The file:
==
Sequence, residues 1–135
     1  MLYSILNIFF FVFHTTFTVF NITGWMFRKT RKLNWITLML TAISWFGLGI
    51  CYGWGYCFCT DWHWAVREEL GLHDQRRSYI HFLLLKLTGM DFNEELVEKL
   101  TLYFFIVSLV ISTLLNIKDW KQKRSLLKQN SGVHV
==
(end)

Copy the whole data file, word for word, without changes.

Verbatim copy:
Sequence, residues 1–135
     1  MLYSILNIFF FVFHTTFTVF NITGWMFRKT RKLNWITLML TAISWFGLGI
    51  CYGWGYCFCT DWHWAVREEL GLHDQRRSYI HFLLLKLTGM DFNEELVEKL
   101  TLYFFIVSLV ISTLLNIKDW KQKRSLLKQN SGVHV